FULL THROTTLE – Ready to unleash their new CD Do What You Do

Folk-rockers Sea Perry set to hit The Hideout

Sudbury-based folk-rockers Sea Perry are serving up some of the catchiest tunes heard so far this year, and they’re bringing the goods to The Hideout on May 29th.

As bassist Shawn Fisher says, each performance, be it an opening spot for such like-minded acts as The Trews, Great Big Sea or The Strumbellas, or on a festival bill with dozens of other artists or their own headlining sets, Sea Perry sees it as an opportunity to change lives, change people’s perspectives or touch somebody in some way.

Chris Milligan (guitar/vocals), Fisher (bass/keys) and Chad Bouchard (drums) – are ready to take their relationship with music lovers to the next level with the release of their full-length debut Do What You Do.

“We’ve all been writing music and working with bands for years – it’s always been our mission to take music to the next level. That’s kind of the way we met, in our native Sudbury – we had played some shows with each other’s bands and started to become friends in that way,” explained Fisher.

With other projects wrapping up, the guys decided to join forces back in the spring of 2013 – and the concept for Sea Perry was sparked. “We started writing some music and we realized that we were doing something that we really liked, and there was a very similar kind of mantra among the three of us. All of our aspirations are the same, so that really helped us – it strengthened our resolve to do this project.”

Recorded in Toronto with producer Michael Jack, who’s worked with such Canadian and international talent as Bono, Rush and Nelly Furtado, the 10 tracks were laid down with an ear towards bringing to life that stage show while also accentuating the stellar musicianship and remarkable songwriting skills throughout the group.

“We wanted to work with somebody that had some real weight to their resume,” said Fisher. “We wanted to deliver these songs in the right form, and that they stayed true through the recording process,” he said. “There’s a big difference between ‘live’ music and how something translates to an album.”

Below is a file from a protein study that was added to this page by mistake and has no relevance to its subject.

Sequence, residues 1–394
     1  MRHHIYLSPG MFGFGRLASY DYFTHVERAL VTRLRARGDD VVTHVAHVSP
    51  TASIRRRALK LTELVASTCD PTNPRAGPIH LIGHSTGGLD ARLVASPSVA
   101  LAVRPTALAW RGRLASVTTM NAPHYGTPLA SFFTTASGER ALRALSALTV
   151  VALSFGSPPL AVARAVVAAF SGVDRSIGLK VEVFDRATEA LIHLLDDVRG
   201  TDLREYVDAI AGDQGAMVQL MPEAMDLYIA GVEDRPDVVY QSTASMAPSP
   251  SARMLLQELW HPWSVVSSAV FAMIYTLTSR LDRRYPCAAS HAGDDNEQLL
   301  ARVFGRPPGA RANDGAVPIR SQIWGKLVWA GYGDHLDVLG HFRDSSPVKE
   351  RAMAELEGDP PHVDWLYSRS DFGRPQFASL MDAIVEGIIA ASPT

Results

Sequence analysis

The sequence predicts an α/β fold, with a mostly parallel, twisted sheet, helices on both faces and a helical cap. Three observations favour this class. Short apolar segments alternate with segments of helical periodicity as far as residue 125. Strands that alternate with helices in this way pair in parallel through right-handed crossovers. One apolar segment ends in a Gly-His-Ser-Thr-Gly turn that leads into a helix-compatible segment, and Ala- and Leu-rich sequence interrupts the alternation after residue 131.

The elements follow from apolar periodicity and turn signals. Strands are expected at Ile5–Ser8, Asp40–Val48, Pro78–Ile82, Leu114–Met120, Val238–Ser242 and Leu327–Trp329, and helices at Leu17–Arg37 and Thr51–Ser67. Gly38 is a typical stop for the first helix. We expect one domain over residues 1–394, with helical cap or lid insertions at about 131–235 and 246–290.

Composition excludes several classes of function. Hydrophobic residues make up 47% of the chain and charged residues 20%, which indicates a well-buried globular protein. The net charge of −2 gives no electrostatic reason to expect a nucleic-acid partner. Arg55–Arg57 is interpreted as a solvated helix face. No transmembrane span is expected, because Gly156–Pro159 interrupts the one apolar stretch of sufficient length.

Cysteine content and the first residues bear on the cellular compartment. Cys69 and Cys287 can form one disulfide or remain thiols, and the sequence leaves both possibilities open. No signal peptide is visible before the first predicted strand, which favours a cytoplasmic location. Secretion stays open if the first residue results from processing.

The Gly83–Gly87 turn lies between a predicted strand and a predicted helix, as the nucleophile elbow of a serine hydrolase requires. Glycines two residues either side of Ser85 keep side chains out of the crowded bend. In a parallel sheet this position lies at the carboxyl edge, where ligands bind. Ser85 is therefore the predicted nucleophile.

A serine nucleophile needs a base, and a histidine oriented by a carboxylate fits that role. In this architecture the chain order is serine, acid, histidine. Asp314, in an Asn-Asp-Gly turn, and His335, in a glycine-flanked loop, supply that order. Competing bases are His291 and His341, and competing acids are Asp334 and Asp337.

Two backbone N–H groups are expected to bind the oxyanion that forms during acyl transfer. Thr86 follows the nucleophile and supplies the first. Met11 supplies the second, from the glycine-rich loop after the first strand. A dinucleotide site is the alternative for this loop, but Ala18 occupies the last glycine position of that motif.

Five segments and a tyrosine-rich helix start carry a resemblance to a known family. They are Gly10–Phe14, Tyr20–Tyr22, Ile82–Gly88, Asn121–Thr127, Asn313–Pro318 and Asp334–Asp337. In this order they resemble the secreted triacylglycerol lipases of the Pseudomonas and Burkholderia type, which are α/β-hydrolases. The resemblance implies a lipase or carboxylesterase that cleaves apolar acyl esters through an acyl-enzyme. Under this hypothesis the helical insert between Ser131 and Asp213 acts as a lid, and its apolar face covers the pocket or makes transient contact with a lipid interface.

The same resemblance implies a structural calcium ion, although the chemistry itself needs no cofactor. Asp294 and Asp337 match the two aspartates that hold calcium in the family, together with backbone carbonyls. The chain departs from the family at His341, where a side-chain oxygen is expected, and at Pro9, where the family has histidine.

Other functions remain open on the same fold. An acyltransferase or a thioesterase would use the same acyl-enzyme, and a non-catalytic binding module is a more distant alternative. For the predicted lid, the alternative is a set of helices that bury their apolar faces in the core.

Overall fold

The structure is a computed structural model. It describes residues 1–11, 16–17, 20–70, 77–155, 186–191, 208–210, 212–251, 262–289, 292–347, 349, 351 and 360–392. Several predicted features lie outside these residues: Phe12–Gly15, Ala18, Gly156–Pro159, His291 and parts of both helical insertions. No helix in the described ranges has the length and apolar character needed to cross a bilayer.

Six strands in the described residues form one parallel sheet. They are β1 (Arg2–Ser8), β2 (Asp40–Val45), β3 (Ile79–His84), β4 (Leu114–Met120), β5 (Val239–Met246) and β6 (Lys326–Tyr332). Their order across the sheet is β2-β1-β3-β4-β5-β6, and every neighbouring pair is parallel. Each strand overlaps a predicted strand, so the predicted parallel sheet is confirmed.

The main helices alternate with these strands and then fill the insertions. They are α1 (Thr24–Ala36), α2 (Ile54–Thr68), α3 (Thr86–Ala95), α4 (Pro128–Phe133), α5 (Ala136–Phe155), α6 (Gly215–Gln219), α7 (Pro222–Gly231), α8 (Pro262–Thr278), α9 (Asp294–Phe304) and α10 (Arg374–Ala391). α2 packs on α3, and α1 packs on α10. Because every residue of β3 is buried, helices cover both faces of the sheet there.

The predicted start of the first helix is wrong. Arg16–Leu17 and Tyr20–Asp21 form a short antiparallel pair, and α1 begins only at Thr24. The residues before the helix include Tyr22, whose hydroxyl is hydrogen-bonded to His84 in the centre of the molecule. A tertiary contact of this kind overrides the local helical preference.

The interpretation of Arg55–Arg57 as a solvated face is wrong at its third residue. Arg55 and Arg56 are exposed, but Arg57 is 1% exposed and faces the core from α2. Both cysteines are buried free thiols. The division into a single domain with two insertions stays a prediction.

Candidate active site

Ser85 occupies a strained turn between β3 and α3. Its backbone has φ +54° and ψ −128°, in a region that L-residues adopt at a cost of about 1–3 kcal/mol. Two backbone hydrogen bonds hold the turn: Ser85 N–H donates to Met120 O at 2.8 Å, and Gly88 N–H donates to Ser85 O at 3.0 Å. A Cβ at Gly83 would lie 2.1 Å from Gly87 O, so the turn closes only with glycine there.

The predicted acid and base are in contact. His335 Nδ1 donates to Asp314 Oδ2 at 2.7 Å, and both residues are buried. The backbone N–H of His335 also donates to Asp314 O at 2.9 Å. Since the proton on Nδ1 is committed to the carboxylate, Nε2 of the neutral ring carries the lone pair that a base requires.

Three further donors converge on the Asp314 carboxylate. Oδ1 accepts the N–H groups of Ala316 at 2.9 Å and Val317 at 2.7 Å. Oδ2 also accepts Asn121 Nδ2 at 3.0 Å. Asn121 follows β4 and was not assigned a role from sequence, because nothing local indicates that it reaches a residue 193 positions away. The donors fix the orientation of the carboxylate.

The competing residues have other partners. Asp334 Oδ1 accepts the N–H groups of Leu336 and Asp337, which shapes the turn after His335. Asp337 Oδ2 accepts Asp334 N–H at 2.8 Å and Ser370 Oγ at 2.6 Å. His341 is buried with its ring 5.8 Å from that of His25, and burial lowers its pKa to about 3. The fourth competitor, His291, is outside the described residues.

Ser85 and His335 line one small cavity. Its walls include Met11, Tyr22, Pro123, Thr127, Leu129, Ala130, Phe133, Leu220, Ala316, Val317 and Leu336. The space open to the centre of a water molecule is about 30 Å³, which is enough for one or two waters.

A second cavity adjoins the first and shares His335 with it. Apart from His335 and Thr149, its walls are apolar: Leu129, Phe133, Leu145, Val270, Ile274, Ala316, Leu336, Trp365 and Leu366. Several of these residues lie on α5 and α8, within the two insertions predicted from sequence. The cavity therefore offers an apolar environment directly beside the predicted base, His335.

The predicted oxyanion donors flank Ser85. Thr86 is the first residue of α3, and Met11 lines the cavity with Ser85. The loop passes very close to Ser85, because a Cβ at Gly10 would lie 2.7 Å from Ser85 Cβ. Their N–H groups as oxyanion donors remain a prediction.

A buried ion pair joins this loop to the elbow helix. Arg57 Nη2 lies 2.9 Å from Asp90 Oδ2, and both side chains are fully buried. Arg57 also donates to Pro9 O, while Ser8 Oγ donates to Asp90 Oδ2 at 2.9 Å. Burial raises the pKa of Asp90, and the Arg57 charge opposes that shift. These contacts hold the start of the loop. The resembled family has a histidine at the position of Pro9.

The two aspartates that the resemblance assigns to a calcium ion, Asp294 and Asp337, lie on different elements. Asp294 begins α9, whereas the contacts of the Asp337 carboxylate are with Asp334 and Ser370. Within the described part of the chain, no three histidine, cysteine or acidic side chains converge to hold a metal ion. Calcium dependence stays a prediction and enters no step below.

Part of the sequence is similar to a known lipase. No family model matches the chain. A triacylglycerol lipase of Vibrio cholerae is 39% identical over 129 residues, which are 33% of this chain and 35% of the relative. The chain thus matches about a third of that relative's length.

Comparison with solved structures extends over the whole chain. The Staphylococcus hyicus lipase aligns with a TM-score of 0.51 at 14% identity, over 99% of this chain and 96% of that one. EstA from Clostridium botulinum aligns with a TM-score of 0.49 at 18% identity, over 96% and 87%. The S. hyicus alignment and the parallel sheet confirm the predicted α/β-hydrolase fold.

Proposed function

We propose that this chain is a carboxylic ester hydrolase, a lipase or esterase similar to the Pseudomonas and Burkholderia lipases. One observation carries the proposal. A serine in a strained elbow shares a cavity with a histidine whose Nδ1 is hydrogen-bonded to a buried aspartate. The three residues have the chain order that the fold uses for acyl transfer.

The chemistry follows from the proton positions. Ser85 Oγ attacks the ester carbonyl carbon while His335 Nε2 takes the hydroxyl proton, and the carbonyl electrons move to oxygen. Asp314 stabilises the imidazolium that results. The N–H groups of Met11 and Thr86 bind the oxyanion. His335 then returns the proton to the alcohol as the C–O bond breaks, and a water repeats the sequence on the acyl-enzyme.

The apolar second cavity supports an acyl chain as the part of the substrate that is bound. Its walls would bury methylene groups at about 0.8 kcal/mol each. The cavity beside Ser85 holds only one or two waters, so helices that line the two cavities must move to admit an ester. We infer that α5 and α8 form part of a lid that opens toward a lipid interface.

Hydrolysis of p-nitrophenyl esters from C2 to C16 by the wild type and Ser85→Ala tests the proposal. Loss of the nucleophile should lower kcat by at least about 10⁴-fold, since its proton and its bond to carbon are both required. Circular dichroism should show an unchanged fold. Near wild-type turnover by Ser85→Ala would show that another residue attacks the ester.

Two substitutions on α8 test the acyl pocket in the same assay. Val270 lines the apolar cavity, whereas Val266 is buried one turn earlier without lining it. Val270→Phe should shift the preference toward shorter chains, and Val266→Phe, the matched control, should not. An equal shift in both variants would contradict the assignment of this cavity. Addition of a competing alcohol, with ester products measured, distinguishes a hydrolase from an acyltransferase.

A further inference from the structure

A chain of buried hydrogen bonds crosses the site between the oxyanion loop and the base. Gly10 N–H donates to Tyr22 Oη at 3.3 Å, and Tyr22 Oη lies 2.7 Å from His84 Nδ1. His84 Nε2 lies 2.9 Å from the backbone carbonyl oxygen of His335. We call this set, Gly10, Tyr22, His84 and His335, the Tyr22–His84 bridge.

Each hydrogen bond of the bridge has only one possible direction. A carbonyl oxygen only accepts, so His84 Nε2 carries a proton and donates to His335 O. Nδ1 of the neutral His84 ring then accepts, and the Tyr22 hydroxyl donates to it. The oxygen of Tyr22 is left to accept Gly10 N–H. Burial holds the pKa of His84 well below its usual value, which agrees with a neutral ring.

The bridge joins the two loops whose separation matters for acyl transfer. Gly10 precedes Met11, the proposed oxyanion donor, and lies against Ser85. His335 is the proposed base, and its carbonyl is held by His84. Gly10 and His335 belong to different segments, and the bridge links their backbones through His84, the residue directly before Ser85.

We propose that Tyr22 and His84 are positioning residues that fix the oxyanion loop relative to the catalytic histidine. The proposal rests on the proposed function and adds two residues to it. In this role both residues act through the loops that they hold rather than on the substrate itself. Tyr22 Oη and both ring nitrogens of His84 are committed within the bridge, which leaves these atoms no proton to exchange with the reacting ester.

The guys had played a show with the Trews, and they had chatted with John Angus-MacDonald about working on the CD with him but he was a bit busy at the time. Jack subsequently sent them a message saying how much he liked their music and that he would love to collaborate at some point. They clicked, and the production process was soon underway.

Fisher also credits the tight-knit nature of the trio with bringing out the best Sea Perry has to offer, explaining that, like all great relationships, this one is built on honesty and vulnerability, each of the three willing to fight it out to get something that’s definitively something they can take pride in.

“There are times when we’re writing music that we get so passionate about an idea that we’re trying to push forward that we really force each other to get to a very uncomfortable zone emotionally,” he said. “But sometimes you need to get to the brink of your humanity to get something out that’s really significant.”

Overall, he said the recording of the project proved a pretty seamless affair. “When it comes to structuring the songs, we spend a lot of time working on that and it’s very collaborative. So we know where all the changes are – we are very conscious of how it’s going to transmit to the studio and how it’s going to sound at the end.

“When we go in, we have a very specific process of what we do, and so far that’s really working for us.”

Whatever that process involves, something is clearly working – Do What You Do is filled with what has been described as ‘giant sing-a-long choruses, pristine radio-ready melodies, chiming guitars and steady, driving rhythms’.

“It’s happy, but it’s got a real grit to it.”

The record is also filled with lyrics and stories that run the gamut of coming to grips with your own mortality and moving forward in the face of whatever might come your way to, of course, relationships of all kinds.

For Fisher, as with the other guys, a love for music surfaced early on. “I grew up all around musicians. My grandmother played everything – she was a very talented woman. Everyone on my mom’s side was just very musically inclined naturally, and my mother exposed me to a lot of different music.

“And my dad was a crooner – he’d be singing these songs non-stop. He loved Frank Sinatra. And that’s actually where my voice lies – in that register. I’d definitely say I was inspired by my father in that regard.”

Ultimately, the guys can’t wait to hit the road and introduce their music to a much broader audience. There is nothing like that connection of artist to audience.

“The band wasn’t born out of writing for an album, the album was born out of a love of playing ‘live’ and then having the challenge of putting it onto a recording.”


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